St. Augustine Considers Affordable Housing Plan
Creating affordable housing opportunities is an issue for communities across the country and St. Augustine is no different. But the city may have at least part of the solution on an 82-acre parcel currently used by the utilities department as a storage area for road building materials.
At a special City Commission meeting earlier this month, commissioners heard a consultant’s report on the feasibility of building at least 400 workforce housing units at 450 N. Holmes Boulevard. Jeff Huber with Brooks + Scarpa spoke about possible solutions and the results of a public charrette exercise held in March. A charrette is a type of collaborative planning process that engages interested parties to create a master plan. The term originated in France in the 19th century when students would out their final design projects in a cart or charrette at the end of the academic year.
“We think this is an incredible site and a key opportunity to look at how we are going to get more affordable housing in St. Johns County and St. Augustine in particular,” Huber said. “We were really honored to be asked to facilitate the charrette.”
Huber began his presentation outlining the overall goals of the study including creation of “an inclusionary housing development” that will serve “as a model for housing types and attendant lifestyles.”
Huber said in addition to the type of housing developed on the N. Holmes site, transportation and infrastructure needs also need to be considered, including making the area more bike- and pedestrian-friendly. As part of those considerations, he said finding the right kind of parking for the residents is a key.
“Formats for parking is an incredible opportunity where you can make or break a neighborhood,” he said. “We wanted to talk about a range of types” including center or perimeter lots, internal parking structures or something called the “Texas Doughnut” where the housing units surround the parking garage.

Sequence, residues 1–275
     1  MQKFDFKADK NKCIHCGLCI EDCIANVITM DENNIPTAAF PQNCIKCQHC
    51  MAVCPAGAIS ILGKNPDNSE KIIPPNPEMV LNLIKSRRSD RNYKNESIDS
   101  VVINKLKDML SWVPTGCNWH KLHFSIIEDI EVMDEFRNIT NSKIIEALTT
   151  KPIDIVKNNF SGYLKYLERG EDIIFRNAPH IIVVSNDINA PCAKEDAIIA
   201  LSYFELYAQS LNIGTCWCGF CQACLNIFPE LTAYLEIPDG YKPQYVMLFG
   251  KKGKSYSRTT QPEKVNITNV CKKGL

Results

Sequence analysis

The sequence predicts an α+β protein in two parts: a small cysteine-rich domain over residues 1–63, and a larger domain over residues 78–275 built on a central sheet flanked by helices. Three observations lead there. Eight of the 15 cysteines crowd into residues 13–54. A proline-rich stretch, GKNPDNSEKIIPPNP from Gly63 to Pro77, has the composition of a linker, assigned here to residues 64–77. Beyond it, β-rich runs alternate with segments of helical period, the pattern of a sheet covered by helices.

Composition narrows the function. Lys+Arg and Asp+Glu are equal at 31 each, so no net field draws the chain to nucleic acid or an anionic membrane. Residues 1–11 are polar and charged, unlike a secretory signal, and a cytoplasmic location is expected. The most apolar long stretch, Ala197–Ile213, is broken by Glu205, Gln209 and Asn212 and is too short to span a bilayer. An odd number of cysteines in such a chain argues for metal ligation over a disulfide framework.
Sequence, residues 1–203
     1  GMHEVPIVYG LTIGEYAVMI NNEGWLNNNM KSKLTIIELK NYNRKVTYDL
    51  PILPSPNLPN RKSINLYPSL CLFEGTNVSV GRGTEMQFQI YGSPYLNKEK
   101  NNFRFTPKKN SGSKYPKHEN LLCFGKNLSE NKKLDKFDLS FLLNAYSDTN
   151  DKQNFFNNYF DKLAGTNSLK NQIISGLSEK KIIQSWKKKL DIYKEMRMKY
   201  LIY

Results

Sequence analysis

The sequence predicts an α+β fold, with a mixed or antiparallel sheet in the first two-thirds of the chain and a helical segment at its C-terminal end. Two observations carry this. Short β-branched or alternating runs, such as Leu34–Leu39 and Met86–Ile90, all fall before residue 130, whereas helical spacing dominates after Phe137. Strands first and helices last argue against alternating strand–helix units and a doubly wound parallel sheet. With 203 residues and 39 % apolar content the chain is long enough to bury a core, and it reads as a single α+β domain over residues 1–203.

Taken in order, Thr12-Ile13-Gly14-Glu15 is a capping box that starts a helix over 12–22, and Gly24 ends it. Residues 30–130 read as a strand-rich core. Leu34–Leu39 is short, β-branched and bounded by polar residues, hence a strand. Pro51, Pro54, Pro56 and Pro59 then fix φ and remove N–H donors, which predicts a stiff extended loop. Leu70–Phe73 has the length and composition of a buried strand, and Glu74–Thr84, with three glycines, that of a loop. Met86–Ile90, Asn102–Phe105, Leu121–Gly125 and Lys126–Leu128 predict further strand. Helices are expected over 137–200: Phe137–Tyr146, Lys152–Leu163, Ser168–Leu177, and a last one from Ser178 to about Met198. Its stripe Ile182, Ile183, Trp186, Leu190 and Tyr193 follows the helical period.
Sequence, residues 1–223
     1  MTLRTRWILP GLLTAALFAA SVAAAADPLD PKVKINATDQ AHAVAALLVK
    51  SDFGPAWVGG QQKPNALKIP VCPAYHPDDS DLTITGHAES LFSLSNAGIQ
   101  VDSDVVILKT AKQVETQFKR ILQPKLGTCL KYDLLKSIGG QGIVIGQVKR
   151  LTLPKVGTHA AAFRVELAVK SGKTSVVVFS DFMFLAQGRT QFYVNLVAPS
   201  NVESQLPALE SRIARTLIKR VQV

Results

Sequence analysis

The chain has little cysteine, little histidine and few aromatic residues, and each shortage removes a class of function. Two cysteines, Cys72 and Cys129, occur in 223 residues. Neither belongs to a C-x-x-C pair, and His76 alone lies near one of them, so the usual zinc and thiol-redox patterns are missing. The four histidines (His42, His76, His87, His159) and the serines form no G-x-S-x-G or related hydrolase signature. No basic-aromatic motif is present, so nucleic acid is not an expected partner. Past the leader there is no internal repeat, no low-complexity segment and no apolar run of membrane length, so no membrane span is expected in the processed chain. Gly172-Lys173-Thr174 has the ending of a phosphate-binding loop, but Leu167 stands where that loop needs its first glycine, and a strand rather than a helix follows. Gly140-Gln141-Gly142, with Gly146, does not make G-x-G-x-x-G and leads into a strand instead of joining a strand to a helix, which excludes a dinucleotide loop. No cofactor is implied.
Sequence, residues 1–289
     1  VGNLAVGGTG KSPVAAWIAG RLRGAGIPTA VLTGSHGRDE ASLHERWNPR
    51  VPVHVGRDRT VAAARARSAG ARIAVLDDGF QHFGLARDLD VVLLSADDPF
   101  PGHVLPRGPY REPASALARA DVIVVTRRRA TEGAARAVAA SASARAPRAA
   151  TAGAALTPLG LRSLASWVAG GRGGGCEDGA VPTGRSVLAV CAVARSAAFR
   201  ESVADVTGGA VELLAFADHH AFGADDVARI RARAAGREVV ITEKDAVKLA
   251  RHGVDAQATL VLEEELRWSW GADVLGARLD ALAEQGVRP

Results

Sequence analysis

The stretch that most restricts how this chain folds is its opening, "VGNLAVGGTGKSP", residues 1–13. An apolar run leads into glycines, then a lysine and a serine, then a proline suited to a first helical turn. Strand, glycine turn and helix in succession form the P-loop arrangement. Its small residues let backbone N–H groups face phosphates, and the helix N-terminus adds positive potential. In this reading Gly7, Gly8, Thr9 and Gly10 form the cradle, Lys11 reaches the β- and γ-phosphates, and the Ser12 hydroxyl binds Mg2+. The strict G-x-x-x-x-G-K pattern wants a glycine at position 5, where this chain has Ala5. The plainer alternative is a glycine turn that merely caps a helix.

Commissioner Barbara Blonder said the charrette exercise was an important step in the process.
“Comments from the public are very important to us,” she said. “I definitely want to see some mixed-use because that goes to the walkability and bikeability and reduction of traffic. I think we have the opportunity to do a demonstration project here.”
Vice Mayor Roxanne Horvath said she, too, likes a mixed-use concept for the development.
“I think it works for us,” she said. “What I’d like to see is the greatest variety we can get.”
Mayor Nancy Sikes-Kline said there are still a lot of details to work out.
“I think our concerns we all share is how do we make sure there is a direct benefit to citizens of St. Augustine,” she said. “It’s their property, it’s about five miles from the city proper, the heart of the city. That’s going to be something we’re going to have to work really hard on.”
Assistant City Manager David Birchim, who was recently named city manager to replace the retiring John Regan, said city staff will incorporate feedback from commissioners for the final report, set to be released at a City Commission meeting June 26.
“We’ll just keep working on it,” he said. “We understand your priorities.”